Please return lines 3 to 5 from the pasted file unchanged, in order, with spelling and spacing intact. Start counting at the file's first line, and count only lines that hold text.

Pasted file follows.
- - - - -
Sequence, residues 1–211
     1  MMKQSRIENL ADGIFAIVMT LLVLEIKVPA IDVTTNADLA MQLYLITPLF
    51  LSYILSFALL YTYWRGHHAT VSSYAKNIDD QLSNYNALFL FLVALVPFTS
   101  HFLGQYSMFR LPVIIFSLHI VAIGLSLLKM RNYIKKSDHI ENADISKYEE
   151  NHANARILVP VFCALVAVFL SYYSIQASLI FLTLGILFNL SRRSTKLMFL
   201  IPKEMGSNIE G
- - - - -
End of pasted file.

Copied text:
    51  LSYILSFALL YTYWRGHHAT VSSYAKNIDD QLSNYNALFL FLVALVPFTS
   101  HFLGQYSMFR LPVIIFSLHI VAIGLSLLKM RNYIKKSDHI ENADISKYEE
   151  NHANARILVP VFCALVAVFL SYYSIQASLI FLTLGILFNL SRRSTKLMFL